So I’m writing this post as my first post for the Pagan Blog Project, a idea run by Rowan Pendragon over at OneWitchsWay.com. She had an interesting idea to do an alphabetical post system whereby every Friday people post a topic about something starting with a different letter. Every two weeks the letter moves one up in the alphabet: so this past week, April 6th, was the second Friday of the “G” posts. I think it’s an excellent way to get ideas about posts and to keep a steady updating schedule.
…Needless to say, I came rather late to the PBP, and this will be my first post under that category.
I’m writing about the concept of the Roman genius.
The genii (plural form of genius) are tutelary spirits. They are sort of guardians, not only of people but also of places – ever hear of a genius loci? That is, quite literally, the tutelary deity of a specific location. While the genius is the term used for the tutelary deity of a male, women had their own, called the iuno (taken from the goddess of women herself, Iuno).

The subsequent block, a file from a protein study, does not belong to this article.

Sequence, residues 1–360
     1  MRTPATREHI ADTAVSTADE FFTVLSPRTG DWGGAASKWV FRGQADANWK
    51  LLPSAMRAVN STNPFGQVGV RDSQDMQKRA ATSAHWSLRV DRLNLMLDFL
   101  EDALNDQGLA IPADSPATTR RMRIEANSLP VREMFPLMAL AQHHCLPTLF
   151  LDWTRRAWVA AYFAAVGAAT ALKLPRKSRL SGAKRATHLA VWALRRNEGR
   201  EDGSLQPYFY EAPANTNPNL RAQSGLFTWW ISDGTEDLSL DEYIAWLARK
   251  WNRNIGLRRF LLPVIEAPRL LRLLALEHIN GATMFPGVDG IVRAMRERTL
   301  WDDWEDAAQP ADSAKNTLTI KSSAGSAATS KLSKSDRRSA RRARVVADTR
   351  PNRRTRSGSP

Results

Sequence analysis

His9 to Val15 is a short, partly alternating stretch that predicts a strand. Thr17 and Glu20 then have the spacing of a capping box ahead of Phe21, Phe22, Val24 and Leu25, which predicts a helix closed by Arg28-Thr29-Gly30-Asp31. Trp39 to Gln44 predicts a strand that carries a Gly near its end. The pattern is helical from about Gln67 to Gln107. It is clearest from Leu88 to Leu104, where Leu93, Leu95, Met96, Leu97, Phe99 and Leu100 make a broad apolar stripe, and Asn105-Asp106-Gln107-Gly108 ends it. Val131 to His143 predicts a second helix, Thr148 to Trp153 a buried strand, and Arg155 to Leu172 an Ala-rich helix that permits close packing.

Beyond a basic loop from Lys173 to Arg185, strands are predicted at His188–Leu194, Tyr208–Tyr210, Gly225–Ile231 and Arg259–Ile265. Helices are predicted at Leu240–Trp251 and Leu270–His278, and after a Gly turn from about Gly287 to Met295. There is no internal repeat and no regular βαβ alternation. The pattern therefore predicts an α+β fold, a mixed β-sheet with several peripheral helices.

In addition to being guardians, they are also the fount of creativity and talent for each individual: sort of like your own inner Muse. Their creativity aspect was not always an internal one: they were seen as the forces behind the growth of such things as vineyards, for example. The genii of humans were traditionally given an offering on an individual’s birthday.
Like every Roman deity, the genii and the iunones had many epithets for many occasions. They could be prayed to in circumstances surrounding infants (as the Cuba, Cunina, and Rumina – the ‘lying down for sleep’, the deity of the cradle, and the deity of breastfeeding – attest), or, for stages in an individual’s life.
For household worship, the genius would be often on the lararium (the altar for the household gods, something that I will do a post about later) as a snake. The snake was not seen as an animal with the pathos attributed it by some mainstream religions today; instead, it was seen as a symbol for fertility. Other representations of the genius include a man, with or without wings, sometimes with his head covered by a toga, sometimes holding a cornucopia or an offering dish in his outstretched hand, or as a pudgy infant.
During the time of the Roman Empire it was common for the genius of the Emperor to be given libations as offerings.